Working on the assumption that the equation could successfully predict the stock market, it would presumably only give you a picture of what the stock market would do as long as you chose not to act on your foreknowledge. I mean, that's kind of the inherent nature of all predictive calculations: to provide an ostensible snapshot of the future, based on the extrapolation of the present and past, with predictable interventions taken into account and sans any other unpredictable intervention which (by definition) can't be included as a variable. If the prediction concerns a human organised system open to human intervention, the moment you act on your supposed foreknowledge you alter the state of the reality that has been predicted. This would probably be more of a problem the more powerful the predictive modelling was. The more exact its predictions, the more delicately balanced they are. Of course, if only one person has possession of the equation, and this person alone intervenes, the model might well work for them. They would be coming to the party late, so to speak. Their interest in a certain sector of the market would effectively post-date the interest of other investors, even if the equation-user actually invested before the others. There is a strange way in which the predictive equation (assuming it worked as well as Davros says it would) would actually warp the temporal sequence. As perfect foreknowledge, it would be a little like time travel. What this suggests to me is the irony of the Doctor's foreknowledge. The Doctor has never, as far as we know, used his access to time travel to ascertain in advance the winning lottery numbers, or the winner of the Grand National, or the state of tommorrow's Dow Jones. More the Monk's style, that one. But he could do it, if he wanted to. Effectively, the Doctor is already in possession of the power that Davros claims to wield in the form of his equation. He could generalise future stock market knowledge obtained from voyages to the future, just as easily as Davros could generalise the equation. According to this story, the Doctor has, and has always had, the power to bring down capitalism.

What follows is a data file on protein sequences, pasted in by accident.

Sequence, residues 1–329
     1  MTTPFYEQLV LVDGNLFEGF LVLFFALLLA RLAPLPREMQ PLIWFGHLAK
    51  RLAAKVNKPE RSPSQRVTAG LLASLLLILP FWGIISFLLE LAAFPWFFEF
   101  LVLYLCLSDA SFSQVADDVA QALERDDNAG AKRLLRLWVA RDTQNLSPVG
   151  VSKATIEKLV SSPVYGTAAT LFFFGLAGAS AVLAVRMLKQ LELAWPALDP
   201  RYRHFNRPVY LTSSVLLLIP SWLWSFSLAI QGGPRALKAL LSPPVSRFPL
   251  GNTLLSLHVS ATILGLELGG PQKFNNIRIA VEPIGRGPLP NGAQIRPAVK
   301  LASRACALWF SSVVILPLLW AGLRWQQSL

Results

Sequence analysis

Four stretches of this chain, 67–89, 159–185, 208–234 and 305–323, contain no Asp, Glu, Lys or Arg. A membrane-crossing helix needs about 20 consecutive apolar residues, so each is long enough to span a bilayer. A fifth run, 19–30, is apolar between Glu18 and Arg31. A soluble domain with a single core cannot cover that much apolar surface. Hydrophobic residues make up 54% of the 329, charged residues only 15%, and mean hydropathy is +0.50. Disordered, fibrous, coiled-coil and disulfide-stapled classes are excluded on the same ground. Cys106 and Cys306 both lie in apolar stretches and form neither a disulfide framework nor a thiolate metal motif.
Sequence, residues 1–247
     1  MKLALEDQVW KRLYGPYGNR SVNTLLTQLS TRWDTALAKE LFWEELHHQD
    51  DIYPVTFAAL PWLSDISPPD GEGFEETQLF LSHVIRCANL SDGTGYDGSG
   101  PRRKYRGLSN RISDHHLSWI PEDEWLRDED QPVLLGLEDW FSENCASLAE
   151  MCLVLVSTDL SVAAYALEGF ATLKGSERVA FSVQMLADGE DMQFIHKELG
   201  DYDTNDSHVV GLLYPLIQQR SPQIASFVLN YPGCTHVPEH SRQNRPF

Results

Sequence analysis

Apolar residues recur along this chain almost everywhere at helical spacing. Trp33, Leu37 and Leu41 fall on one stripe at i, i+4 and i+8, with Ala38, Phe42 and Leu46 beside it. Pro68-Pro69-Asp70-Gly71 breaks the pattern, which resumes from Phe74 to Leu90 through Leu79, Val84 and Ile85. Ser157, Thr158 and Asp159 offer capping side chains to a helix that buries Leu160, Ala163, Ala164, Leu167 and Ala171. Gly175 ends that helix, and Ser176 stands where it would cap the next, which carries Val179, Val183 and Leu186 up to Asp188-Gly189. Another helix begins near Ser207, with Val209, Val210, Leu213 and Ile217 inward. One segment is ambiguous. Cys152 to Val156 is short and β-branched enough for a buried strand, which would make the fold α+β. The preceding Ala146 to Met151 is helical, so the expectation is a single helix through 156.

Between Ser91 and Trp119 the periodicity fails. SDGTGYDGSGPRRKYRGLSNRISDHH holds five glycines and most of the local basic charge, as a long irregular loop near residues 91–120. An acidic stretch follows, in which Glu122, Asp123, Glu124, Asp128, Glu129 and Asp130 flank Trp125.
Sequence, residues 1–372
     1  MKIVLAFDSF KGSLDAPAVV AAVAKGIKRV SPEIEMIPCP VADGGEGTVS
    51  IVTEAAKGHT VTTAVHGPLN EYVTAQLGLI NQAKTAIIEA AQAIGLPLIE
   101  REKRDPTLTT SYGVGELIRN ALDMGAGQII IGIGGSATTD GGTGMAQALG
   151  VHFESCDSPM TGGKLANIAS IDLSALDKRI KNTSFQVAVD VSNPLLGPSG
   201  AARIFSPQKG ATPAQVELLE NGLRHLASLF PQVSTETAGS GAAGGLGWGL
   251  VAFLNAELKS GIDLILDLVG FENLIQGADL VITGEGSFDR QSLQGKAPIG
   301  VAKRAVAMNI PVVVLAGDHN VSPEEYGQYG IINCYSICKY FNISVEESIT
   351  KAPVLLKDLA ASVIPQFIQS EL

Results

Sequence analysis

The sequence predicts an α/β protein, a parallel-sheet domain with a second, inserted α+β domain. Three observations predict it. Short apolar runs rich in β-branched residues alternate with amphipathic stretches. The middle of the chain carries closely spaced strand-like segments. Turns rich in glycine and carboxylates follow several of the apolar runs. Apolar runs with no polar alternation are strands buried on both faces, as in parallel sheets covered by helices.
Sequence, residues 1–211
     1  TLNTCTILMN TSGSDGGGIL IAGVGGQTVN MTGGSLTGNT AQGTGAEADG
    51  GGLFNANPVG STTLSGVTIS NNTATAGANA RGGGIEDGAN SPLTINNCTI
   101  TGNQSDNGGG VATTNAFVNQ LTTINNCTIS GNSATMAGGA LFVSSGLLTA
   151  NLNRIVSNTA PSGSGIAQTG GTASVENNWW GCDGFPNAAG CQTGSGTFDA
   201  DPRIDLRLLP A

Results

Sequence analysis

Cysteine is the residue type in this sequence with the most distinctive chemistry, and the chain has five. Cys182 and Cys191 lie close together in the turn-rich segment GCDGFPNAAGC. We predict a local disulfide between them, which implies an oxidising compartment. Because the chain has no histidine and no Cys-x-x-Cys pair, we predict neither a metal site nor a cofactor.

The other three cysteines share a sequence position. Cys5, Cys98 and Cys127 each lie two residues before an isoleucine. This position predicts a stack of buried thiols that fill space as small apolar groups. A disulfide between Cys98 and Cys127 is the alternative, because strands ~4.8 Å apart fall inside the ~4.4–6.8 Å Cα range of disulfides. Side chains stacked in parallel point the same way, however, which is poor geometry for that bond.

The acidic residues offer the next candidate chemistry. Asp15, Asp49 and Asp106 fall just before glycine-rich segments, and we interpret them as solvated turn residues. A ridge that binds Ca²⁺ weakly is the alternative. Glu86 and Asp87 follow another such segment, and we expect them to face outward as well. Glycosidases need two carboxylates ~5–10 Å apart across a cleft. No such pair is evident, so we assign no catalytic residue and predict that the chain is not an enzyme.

This may just be a restatement of something we pretty much knew anyway, but it does rather bring it into focus. The Doctor is manifestly one of those comfortable people saying "sit tight and wait" to the people who have nothing to lose but their chains. To his credit, however, and unlike many such people, he does actually get out there and help them make reforms and even revolutions from time to time. There's also a case for saying that he, the eternal outsider, doesn't have the right to foist his solution upon us. We should get to choose for ourselves if we want to cling to quotidian oppression in the hope of improvement, or to embrace the beautiful, beautiful, blood-splattered apocalyptic reset button.
Of course, in order to see the Doctor this way, you do have to buy into Davros' assertion that generalising the equation would bring down capitalism. Firstly, as noted, this involves accepting his rampant reductionism and determinism. Secondly, a stock market in which everybody has the ability to always predict what the stock market is going to do is very different from the kind of stock market the equation was designed to predict. The equation's own effect, if generalised sufficiently widely, would cancel out its own power as a predictive tool. The equation cannot possibly have the effect it supposedly threatens to have, even if - for the sake of argument - perfect
mathematical predictions of random and socially contingent outcomes were
even possible (which they aren't). It
simply must be an insane delusion on Davros' part, which everyone else
is silly enough to believe because they're not economists. Or, more likely, because they are economists. Mainstream
economics is about as intellectually and empirically secure as
Creationism... and criticising Creationism is, as we know, like shooting
fish in a barrel. (Or rather, shooting fish that've grown legs and
climbed out of a barrel.)
Now, this actually works! Corporate drones, CEOs, academics, liberal activists... none
of them could be trusted not to credit the market with the ability to
do, or be, the impossible. But it's a little upsetting to see the Doctor going in for this kind of fetishizing of the market. Especially when, by the logic of this same story, he manifestly has the power to destroy it. The Doctor is caught in a paradox here. If he fetishizes the market then he also has the power to destroy it. If he refuses to fetishize the market, there's nothing he can do about it. This is just the kind of paradox that capitalism generates and traps all of us in all the time.